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     The astrolabe was known by the sixteenth century. The marine astrolabe is based on the astronomical astrolabe. It is very heavy and, in use, is suspended from a strong swivel thumb-ring. The sights line up the pointer arm with a star or the sun, and the angle is read on the outer ring.

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     The stamp below features al-Zarqali of Cordoba, a geometer, astronomer and maker of instruments. He produced a set of trigonometric tables for use in astronomy.

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     The astrolabe can either be sighted directly at the sun, or the shadow of the sun can be measured indirectly. The illustration is from Willem Blaeu's The Light of Navigation, 1612.

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      The problem with these instruments is that the navigator may have to look directly into the sun, with the result that over time eyes are damaged. Some people say this is how pirates came to wear their famous black patches they went blind staring at the sun!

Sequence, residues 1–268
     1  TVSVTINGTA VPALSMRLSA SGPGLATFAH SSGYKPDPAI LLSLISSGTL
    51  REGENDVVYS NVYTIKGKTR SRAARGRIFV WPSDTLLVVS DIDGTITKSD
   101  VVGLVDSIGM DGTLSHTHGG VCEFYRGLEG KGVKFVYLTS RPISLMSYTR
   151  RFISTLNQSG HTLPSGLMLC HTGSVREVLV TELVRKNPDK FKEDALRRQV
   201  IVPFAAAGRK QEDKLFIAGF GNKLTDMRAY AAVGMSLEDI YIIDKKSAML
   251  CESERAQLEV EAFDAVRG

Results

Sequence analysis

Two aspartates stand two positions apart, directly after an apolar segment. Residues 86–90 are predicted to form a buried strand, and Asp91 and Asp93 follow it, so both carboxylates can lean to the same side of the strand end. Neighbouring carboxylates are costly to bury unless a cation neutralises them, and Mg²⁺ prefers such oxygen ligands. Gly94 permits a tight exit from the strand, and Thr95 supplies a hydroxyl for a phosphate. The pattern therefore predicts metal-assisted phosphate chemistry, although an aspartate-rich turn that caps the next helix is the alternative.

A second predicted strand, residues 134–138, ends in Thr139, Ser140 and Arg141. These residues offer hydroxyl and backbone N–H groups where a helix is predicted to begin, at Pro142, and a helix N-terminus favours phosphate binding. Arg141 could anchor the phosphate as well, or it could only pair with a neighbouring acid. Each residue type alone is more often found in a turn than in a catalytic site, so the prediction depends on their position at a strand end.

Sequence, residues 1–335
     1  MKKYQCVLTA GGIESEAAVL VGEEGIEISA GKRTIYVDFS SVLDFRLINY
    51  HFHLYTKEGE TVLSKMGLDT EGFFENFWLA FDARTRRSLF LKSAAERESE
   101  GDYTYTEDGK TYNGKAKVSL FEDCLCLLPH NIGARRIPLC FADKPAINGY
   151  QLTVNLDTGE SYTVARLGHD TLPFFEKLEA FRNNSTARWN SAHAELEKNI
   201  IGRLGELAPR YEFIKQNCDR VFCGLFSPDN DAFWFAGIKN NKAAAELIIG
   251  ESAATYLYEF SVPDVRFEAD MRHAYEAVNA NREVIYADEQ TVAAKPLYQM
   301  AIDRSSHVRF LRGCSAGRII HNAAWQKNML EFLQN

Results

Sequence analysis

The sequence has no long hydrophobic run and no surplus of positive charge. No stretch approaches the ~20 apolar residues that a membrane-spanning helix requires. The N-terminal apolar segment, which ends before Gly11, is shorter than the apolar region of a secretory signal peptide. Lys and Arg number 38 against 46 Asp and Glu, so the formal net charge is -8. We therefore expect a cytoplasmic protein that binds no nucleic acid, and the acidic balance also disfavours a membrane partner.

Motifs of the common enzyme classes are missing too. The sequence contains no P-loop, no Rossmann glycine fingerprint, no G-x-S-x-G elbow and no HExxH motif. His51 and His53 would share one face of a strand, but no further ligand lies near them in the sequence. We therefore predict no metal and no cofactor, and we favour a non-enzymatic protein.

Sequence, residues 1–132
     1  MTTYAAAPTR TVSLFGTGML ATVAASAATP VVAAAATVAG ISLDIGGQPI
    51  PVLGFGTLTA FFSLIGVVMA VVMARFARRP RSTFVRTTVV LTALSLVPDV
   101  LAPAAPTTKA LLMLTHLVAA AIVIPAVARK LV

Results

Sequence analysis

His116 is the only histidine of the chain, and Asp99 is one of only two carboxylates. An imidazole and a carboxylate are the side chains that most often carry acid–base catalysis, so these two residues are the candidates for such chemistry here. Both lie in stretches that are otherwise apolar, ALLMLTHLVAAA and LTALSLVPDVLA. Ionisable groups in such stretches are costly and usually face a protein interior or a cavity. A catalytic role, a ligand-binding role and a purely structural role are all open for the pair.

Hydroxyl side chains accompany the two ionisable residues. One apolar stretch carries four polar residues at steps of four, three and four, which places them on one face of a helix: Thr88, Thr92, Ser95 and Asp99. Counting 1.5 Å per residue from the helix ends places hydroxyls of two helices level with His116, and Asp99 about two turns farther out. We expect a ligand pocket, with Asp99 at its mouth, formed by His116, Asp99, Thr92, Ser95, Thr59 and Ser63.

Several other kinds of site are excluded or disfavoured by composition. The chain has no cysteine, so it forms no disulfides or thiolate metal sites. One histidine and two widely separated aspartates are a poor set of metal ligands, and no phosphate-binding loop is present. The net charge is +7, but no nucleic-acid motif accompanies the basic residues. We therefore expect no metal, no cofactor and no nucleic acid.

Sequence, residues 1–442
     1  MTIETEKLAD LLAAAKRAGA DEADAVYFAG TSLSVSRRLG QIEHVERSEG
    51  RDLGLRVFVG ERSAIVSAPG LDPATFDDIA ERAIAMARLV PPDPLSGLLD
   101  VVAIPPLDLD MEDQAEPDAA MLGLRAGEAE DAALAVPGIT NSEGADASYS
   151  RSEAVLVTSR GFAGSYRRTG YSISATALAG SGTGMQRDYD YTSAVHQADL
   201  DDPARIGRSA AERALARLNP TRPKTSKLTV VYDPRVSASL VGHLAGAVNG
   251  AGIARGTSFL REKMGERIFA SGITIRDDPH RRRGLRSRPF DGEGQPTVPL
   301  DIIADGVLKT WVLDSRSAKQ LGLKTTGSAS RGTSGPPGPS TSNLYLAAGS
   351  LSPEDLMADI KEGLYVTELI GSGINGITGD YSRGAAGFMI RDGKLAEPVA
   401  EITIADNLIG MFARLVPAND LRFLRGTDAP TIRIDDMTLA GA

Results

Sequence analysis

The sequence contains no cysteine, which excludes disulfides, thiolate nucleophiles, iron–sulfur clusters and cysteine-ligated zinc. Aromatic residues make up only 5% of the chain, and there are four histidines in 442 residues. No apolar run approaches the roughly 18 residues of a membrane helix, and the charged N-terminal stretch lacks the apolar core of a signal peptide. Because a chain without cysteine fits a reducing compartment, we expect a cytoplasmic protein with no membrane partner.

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     "The Persian mathematician and astronomer Jamshid al-Kashani (or al-Kashi) (d. 1429) made extensive calculations with decimal fractions and established a notation for them, using a vertical line to separate the integer and fractional parts. A prodigious calculator, he determined π to 16 decimal places and obtained a very precise value for the sine of 1, from which many other trigonometrical values can be determined."

Robin J. Wilson, Stamping through Mathematics, Springer-Verlag, 2001, p. 26

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